3. Scope of the Evaluation

The scope of this evaluation was limited to the current submission process and did not include an assessment of the process against potential alternative mechanisms for providing this support. A limited review of international practices was conducted as part of the evaluation; however, this review was not sufficiently in-depth to suggest alternative mechanisms for the Secretariat to explore.

The evaluation covered all steps of the current submission process involving the Secretariat:

The evaluation did not include federal organizations' internal processes for preparing Treasury Board submissions. Furthermore, the evaluation covers only "Part A" submissions. MCs, GIC submissions, and the federal budget, though outside the scope of the evaluation, were considered to the extent that they provided contextual information.

Canada's Economic Action Plan

The evaluation's planning and data collection phases were already completed at the time Canada's Economic Action Plan was announced in late January 2009. As a result, implementation of this stimulus package could not be included within the scope of the evaluation.

4. Contextual Issues

(a) Volume and complexity of submissions

Between 2004 and 2009 (September to August calendar), an average of 804 Treasury Board submissions were made each year. It should be noted that the Secretariat itself usually accounts for the largest number of Treasury Board submissions among all federal organizations given that it acts as both a department and the management board of the federal public service. As such, some of the Secretariat's submissions are to seek approval or amendments to Treasury Board policies or are related to Treasury Board's role as employer.

As shown in Table 1, the Secretariat's program sectors, with the exception of the International Affairs, Security and Justice Sector, reported a higher incidence of "standard" submissions than "complex" ones.12 Though in the minority, figures for complex submissions are nevertheless significant.

Table 1: "Standard" vs. "Complex" Submissions
Program Sector % Standard % Complex
Social and Cultural 54.9 34.3
Economic 48.7 38.1
International Affairs, Security and Justice 41.7 53.2
Government Operations (program side) 66.0 29.9
Overall Average 54.2 38.4

Evaluation participants described standard submissions as follows:

Complex submissions were said to involve one or more of the following:

(b) Logic model for the Treasury Board submission process

No logic model had previously been developed for the Treasury Board submission process. A logic model is essential to this (and to any) evaluation, because it describes the consensus among key stakeholders on the intended outcomes of the Treasury Board submission process. A consensus view on outcomes is the touchstone against which the evaluation must be conducted. Relevance, effectiveness, and economy cannot be assessed in a vacuum; rather, these terms only have meaning in relation to the ultimate outcome of the submission process.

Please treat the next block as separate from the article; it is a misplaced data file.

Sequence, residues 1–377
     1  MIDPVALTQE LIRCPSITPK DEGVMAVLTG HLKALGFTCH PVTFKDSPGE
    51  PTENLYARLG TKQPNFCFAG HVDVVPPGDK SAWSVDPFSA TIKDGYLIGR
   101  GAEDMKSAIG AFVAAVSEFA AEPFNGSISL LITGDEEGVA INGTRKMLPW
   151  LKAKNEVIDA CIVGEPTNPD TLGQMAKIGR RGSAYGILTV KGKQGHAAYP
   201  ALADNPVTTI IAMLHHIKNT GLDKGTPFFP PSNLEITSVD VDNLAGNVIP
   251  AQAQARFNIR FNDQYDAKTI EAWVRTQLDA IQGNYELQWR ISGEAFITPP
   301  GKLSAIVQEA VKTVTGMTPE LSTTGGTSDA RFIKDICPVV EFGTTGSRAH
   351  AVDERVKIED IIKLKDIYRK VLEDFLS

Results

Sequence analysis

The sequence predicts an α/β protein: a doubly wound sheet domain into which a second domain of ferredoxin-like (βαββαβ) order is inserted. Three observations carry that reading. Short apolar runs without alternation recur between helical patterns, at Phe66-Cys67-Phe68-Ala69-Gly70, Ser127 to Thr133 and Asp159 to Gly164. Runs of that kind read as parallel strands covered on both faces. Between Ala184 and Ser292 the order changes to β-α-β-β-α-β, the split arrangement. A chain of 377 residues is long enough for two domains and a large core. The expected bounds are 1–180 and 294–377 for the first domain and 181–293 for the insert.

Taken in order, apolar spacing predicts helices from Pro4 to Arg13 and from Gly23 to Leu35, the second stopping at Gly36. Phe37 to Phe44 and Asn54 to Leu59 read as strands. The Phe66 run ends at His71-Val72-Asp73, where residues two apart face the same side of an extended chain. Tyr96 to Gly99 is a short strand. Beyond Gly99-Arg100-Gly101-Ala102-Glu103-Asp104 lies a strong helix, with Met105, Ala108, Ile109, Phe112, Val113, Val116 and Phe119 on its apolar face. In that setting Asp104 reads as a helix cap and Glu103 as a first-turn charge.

It was therefore necessary for the evaluation team to develop a logic model that would provide the necessary foundation for the evaluation. Consultations were held to gather information on the intended outcomes of the Treasury Board submission process. The evaluation team interviewed 19 individuals from areas across the Secretariat who deal with Treasury Board submissions, including analysts and senior analysts, directors, and an assistant secretary. In addition, two working sessions were held with Secretariat analysts to develop and validate the logic model and evaluation matrix that had been developed by the evaluation team. The consensus among this group was that the ultimate outcome of the submission process was to support Treasury Board in making decisions that contributed to ensuring that programs and spending are aligned with the government's priorities.

Consultation with senior management provided another perspective. Participants in the Assistant Deputy Minister (ADM) Working Session observed that ensuring alignment of new initiatives with the government's priorities is the intended outcome of the MC process rather than the Treasury Board submission process. They suggested that the purpose of the Treasury Board submission process was to provide federal organizations with the resources and authorities needed to achieve the social and economic outcomes desired by Cabinet and to ensure that the programs delivered demonstrated value for money. This proposed ultimate outcome appears to be consistent with the Secretariat's documentation and communications about its expected results. The statement is consistent with the Secretariat's strategic outcome: "Government is well managed and accountable, and resources are allocated to achieve results." This ultimate outcome is also consistent with the expected results outlined in the Secretariat's 2008-09 Departmental Performance Report (DPR): "allocation of resources so that they are aligned with the government's priorities and responsibilities, thereby ensuring that federal programs are effective and efficient and provide value-for-money." The link to broader outcomes (e.g. social and economic) is captured in the DPR's reference to "alignment of government's priorities and responsibilities."